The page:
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The slow disintegration of inclusion for children with SEND

The slow disintegration of inclusion for children with SEND

A new survey of NASUWT members shows deeply worrying signs that mainstream schools are finding it harder and harder to support children with SEND.

How much support do teachers feel their schools offer children with SEND? How well do teachers feel supported themselves to meet the needs of children with SEND? Is SEND a school priority?

This week NASUWT released the results of a survey of 1,185 teachers in mainstream and special schools, providing an insight into teachers’ perceptions of SEND provision in schools. The results are incredibly concerning. Here’s a quick summary of a selection of teacher responses. The full analysis of the survey can be found here .

Teachers need more support on SEND

  • Teachers aren’t always made aware of their pupils’ needs. One in ten teachers reported that they were not aware at all of the educational support that children in their classes are entitled to. I find this mind-boggling. Surely, as professionals, teachers can be trusted with such information?

  • Nearly a third of teachers feel that they are “rarely or never” supported to teach children with SEND. The survey found that some teachers reported schools being unable to fund CPD. This chimes with research by the Teacher Development Trust which found that over 21,000 teachers are employed in schools reporting zero or near-zero expenditure on CPD, and the median spend on CPD across the sector is 0.7% of schools’ overall budgets. Questions were also raised about the quality of CPD. Most training is focussed on specific conditions (which may have limited use for teachers given the wide variety of learning needs between children with the same conditions, let alone conditions that are more rare and so don’t feature in this kind of training), and the lack of longer term follow up on “one-off” CPD events.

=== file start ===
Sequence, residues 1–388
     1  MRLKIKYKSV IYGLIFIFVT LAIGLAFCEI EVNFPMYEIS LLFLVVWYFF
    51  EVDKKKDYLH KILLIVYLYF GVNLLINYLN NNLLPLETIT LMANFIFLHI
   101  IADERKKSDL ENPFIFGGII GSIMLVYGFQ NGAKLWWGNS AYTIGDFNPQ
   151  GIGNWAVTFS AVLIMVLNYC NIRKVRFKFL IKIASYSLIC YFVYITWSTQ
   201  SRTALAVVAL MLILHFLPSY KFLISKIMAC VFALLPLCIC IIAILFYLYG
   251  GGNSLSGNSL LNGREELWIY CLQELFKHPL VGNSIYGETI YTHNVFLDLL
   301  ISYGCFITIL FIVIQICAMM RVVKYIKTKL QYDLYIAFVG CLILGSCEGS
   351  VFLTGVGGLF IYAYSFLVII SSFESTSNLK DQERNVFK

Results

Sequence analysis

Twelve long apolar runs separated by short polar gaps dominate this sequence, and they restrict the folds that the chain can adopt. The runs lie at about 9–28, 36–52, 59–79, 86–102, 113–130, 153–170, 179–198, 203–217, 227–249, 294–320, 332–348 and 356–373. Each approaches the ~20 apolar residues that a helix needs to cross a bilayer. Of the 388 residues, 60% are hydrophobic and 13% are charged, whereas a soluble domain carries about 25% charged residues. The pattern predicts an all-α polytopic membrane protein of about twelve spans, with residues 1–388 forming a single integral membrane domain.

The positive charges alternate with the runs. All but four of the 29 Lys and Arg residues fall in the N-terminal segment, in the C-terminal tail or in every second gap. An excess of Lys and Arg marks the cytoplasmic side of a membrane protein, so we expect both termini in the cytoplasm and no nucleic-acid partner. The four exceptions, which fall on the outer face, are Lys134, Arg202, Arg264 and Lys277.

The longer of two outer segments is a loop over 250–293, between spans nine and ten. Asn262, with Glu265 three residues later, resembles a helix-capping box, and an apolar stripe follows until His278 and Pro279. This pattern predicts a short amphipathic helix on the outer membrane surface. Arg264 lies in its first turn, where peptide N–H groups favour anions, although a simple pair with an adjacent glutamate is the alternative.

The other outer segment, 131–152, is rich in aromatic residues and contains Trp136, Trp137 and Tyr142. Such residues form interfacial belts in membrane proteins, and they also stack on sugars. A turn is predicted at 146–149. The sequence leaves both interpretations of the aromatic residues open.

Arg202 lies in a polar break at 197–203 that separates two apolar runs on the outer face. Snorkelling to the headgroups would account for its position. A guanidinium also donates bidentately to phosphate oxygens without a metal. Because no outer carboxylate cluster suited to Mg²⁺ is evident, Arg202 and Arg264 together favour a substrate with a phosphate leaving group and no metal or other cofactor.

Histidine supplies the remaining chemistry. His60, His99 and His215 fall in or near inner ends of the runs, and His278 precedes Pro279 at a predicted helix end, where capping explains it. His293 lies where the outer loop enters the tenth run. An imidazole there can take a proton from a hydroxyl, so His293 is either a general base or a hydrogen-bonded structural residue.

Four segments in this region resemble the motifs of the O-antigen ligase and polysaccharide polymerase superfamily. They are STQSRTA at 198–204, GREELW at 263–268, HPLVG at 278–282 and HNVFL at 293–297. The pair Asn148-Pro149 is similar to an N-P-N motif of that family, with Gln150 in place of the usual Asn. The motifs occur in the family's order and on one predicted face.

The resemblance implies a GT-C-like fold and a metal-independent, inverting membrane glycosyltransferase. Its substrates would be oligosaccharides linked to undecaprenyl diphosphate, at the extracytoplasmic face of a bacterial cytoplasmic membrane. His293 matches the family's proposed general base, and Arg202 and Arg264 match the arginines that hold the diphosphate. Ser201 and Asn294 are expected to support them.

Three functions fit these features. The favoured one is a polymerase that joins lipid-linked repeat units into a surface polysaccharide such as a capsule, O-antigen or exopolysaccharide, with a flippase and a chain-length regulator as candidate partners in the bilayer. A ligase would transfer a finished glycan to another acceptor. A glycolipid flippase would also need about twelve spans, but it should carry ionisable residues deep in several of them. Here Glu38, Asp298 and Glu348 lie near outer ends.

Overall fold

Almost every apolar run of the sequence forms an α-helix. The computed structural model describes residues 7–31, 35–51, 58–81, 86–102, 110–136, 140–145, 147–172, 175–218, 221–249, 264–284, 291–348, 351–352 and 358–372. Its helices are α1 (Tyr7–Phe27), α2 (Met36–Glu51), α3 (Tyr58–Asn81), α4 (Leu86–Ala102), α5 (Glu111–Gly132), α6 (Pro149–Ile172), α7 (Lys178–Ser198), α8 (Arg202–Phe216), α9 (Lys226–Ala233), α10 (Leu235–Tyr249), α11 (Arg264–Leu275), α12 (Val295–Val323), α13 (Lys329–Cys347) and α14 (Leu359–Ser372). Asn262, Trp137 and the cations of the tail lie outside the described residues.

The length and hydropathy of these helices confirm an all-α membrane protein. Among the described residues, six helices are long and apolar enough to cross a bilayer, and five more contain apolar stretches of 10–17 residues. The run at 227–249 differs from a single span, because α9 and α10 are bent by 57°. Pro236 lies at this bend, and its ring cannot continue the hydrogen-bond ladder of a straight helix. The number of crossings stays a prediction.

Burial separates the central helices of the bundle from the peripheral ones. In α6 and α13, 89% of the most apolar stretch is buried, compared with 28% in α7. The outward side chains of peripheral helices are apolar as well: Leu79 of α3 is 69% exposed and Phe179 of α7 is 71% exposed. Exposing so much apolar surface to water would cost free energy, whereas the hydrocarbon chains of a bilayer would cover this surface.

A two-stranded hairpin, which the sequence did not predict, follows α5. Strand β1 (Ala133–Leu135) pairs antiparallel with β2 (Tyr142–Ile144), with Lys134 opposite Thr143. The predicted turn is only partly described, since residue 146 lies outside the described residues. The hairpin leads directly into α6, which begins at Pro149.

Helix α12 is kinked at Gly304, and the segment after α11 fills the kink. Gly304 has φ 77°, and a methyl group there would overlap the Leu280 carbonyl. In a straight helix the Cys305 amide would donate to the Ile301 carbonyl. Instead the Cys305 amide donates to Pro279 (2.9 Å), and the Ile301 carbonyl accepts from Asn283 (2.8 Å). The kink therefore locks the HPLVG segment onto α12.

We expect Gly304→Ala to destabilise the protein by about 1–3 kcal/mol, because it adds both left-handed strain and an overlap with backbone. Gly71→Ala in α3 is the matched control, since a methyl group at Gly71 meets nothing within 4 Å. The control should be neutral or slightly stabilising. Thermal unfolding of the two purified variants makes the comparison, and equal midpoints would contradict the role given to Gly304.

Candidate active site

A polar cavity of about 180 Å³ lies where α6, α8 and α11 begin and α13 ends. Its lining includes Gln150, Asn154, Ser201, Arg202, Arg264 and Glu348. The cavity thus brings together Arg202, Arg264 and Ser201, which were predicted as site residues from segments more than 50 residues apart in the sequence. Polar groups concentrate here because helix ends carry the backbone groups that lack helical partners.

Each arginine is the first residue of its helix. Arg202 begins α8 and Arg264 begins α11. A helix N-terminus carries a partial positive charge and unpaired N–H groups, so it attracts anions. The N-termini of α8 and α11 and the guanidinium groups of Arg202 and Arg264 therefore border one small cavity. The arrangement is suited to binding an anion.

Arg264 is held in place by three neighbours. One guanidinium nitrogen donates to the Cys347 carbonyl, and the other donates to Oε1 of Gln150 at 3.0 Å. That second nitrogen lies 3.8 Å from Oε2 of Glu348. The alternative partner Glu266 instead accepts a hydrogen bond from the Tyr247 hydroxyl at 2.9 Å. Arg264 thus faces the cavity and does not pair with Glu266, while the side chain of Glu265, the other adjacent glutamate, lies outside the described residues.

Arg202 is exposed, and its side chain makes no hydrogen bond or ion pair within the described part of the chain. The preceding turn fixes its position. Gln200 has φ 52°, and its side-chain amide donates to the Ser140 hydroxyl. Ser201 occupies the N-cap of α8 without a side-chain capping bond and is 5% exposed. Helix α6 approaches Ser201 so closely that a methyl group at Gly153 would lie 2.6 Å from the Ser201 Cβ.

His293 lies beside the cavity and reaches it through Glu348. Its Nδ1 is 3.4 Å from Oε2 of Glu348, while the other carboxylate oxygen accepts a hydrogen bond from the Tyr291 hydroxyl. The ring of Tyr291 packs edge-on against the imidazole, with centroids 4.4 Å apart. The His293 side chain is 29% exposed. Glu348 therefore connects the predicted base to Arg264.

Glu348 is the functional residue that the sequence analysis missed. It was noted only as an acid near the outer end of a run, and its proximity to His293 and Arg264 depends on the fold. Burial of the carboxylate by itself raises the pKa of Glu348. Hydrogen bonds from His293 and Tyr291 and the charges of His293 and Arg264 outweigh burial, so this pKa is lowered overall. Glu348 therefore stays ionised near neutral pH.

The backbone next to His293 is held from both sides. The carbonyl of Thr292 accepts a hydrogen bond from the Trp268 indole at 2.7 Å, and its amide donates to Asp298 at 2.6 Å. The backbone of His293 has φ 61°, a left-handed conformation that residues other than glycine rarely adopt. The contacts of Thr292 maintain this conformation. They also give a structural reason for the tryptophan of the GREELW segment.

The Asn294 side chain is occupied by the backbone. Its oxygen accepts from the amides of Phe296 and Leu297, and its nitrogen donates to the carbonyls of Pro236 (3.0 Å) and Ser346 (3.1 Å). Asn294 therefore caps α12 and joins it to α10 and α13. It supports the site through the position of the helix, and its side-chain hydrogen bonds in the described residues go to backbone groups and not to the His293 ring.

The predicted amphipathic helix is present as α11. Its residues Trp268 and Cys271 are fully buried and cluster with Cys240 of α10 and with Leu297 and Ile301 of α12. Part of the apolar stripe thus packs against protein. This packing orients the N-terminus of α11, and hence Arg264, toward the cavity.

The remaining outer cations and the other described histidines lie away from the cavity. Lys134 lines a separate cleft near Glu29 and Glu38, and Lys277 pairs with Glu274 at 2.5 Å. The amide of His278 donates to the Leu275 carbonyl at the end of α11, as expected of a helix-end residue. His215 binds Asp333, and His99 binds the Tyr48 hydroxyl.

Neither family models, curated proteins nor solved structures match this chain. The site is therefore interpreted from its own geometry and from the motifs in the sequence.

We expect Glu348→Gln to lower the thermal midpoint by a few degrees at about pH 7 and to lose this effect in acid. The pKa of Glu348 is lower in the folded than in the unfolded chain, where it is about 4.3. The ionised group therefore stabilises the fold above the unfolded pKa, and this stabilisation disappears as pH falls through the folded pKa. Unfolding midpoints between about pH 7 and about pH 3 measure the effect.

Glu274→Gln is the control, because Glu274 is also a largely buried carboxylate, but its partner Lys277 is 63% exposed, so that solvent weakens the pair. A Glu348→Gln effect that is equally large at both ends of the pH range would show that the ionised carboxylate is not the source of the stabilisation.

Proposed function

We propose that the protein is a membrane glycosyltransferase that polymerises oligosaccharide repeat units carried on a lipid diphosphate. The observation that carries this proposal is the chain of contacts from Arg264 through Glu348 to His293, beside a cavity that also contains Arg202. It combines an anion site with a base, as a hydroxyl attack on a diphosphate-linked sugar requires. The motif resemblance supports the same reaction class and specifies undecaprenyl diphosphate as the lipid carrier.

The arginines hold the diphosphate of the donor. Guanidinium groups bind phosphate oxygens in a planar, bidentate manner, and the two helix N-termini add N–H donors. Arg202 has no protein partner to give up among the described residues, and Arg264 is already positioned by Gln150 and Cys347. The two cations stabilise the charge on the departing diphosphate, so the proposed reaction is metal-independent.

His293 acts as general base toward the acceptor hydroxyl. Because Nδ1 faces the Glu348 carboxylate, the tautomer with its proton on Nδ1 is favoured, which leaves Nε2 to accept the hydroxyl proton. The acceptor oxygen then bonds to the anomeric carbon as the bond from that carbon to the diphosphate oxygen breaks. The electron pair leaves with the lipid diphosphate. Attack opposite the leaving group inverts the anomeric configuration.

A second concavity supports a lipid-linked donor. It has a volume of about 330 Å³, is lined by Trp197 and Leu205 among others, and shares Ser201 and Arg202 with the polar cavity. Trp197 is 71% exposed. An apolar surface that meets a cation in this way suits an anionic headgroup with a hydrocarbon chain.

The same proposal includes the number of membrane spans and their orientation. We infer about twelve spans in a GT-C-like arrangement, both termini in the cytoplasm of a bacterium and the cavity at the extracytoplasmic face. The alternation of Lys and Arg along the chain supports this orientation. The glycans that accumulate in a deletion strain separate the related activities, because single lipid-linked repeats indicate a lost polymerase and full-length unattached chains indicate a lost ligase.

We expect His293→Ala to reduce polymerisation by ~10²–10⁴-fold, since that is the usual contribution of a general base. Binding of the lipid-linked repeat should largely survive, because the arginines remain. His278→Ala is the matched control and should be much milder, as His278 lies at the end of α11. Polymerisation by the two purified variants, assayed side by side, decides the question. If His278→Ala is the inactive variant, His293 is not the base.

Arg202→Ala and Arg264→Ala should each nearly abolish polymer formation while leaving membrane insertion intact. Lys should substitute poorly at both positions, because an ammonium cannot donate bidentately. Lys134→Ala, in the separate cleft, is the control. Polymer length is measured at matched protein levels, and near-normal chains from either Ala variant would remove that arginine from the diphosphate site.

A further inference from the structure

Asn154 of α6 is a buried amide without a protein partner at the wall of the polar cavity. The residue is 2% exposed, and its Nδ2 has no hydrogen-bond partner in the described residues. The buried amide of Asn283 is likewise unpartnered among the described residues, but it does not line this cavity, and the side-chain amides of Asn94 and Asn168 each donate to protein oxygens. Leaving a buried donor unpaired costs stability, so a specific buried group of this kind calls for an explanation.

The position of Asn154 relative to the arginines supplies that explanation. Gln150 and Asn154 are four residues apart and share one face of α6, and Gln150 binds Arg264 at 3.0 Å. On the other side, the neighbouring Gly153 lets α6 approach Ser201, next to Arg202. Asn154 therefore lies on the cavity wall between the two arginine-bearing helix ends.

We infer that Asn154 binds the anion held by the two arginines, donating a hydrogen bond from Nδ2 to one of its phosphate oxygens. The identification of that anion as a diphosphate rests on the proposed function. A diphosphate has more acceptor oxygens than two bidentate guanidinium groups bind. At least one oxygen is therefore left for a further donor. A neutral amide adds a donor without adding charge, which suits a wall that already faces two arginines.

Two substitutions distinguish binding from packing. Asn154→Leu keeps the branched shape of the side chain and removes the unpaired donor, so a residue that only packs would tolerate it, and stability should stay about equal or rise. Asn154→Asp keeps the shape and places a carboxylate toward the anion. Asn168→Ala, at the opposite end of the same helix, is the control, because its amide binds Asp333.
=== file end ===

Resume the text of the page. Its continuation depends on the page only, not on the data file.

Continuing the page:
• According to teachers, schools’ ability to support children with SEND is on the decline.

With growing numbers of pupils identified as having SEND, tightening school budgets and a fragmentation of external support from specialists such as educational psychologists, this will not come as a surprise to most in the sector. Accountability also plays a role here. Many teachers believe that schools are informally showing the door to children with SEND who are unlikely to make progress, or quietly suggesting that such children look elsewhere when they apply to the school. Quotes such as the following should be an alarm call for the sector:

‘Schools are much less willing to accept children who will affect their results/league table position and in particular this means that Year 6 pupils are very hard to place. Parents often end up home educat[ing].’

 ‘Some academies have funding excuses for not providing appropriate equipment as reasonable adjustment.’

 ‘I have seen a trend of schools permanently excluding the week before an EHC plan is agreed so that they cannot be named in the EHC plan.’

SENCOs are overburdened and under-valued

  • SENCOs are increasingly expected to deliver lessons. This is getting in the way of their ability to manage the concerns of children with SEND and their parents.

  • Only around half of surveyed SENCOs were on schools’ senior leadership teams. Around half of those who were not, particularly in primary schools, reported that no members of SLT had responsibility for SEND.

Three changes that would help reverse the trend away from exclusion:

  1. School leaders should give SEND the same priority as they do for Pupil Premium. Supporting children with SEND must be at the top of the list of school priorities, indeed given the overlap between poverty and SEND, paying more attention to SEND is likely to produce benefits for children eligible for the Pupil Premium in any case. Every Child Should’s “Five Questions” is a great place for school leaders to start thinking more about SEND
  2. This survey by NASUWT is a cry for help from teachers for more, and better, training. The Department for Education must fund schools so that they are able to pay for teachers’ CPD.
  3. Collectively, we have to find ways to reduce the number of exclusions of children with SEND. One idea we have pushed for in the past is for schools, local authorities and middle-tier organisations such as multi academy trusts or teaching school alliances to identify children with SEND at risk of exclusion. The Department for Eduation should make additional funding available for interventions designed to reduce the risk of these children being excluded, up to the £10,000 per pupil available in alternative provision and special schools.